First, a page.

Thursday, October 23, 2014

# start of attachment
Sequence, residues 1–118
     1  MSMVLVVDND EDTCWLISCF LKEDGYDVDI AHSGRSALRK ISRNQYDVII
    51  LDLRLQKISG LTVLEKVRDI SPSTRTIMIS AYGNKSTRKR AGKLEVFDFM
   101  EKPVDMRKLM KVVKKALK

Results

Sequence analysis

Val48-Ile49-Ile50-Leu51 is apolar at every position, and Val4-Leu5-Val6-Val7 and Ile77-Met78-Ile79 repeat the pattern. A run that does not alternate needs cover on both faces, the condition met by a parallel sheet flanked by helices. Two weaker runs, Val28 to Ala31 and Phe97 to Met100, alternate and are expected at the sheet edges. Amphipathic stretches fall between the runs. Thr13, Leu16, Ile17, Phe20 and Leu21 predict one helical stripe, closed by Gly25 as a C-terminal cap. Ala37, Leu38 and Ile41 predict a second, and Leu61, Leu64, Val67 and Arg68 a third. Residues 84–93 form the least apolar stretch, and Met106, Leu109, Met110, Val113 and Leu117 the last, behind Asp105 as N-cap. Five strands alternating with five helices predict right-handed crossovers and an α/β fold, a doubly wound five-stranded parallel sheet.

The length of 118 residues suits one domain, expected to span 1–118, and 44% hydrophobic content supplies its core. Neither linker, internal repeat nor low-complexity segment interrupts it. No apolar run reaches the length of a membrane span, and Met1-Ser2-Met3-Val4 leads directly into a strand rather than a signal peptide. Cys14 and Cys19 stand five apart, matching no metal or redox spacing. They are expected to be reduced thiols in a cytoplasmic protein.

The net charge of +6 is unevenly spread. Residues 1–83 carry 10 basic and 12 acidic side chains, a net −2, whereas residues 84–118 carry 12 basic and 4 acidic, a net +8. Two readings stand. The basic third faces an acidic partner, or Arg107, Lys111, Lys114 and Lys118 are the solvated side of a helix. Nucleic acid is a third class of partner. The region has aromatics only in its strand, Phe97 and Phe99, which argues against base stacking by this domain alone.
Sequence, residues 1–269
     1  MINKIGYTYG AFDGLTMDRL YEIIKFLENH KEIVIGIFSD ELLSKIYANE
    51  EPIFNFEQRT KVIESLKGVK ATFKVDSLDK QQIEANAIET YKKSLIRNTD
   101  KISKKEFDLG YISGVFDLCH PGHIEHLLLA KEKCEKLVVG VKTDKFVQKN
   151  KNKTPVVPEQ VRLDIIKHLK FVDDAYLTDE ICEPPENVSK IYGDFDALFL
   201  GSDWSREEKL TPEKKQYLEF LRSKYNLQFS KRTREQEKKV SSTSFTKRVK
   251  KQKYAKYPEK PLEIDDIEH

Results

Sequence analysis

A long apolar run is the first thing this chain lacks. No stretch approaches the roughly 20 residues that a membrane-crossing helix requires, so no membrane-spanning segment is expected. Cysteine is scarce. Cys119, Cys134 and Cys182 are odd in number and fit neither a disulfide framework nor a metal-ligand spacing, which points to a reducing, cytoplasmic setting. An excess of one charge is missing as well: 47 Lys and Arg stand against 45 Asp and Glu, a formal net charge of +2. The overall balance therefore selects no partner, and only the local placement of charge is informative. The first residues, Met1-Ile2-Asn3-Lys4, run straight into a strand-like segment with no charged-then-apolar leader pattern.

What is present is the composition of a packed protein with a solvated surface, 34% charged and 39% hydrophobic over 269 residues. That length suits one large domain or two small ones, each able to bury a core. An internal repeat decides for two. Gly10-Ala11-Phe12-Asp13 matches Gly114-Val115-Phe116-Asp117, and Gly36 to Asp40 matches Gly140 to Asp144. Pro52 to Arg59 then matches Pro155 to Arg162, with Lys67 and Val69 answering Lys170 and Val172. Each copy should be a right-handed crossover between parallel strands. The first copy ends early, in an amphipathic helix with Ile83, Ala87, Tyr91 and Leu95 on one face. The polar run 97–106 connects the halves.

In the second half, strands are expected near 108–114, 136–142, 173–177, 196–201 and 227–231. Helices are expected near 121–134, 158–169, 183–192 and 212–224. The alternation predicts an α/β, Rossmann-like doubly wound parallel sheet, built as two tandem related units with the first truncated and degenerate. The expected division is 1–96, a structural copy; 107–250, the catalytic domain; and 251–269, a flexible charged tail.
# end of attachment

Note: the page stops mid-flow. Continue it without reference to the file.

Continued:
Researcher Marleen De Meyer of the University of Leuven in Belgium was excavating Old Kingdom cave graves in Dayr al-Barsha, Egypt, when she turned over what she thought was a potsherd on the way to the storage tent. What she held in her hands was a rare 4,000-year-old death mask. Similar masks have long believed to have been modeled after the deceased, but the texturesof textile strips (IMAGE ABOVE, MORE HERE) suggested that the plaster had been applied to the face. But no traces of the face on the inside were visible, just clay. The archaeologists reasoned that the plaster mask was made and removed, then the body was mummified and clay applied to the face, after which the mask was pressed into that clay. They performed experimental archaeology, with a member of the team volunteering to be the corpse, and determined just that. They are now awaiting permission to carry out a CT scan of the artifact which will show the exact form of the ancient Egyptian's face sandwiched between the plaster and the clay.

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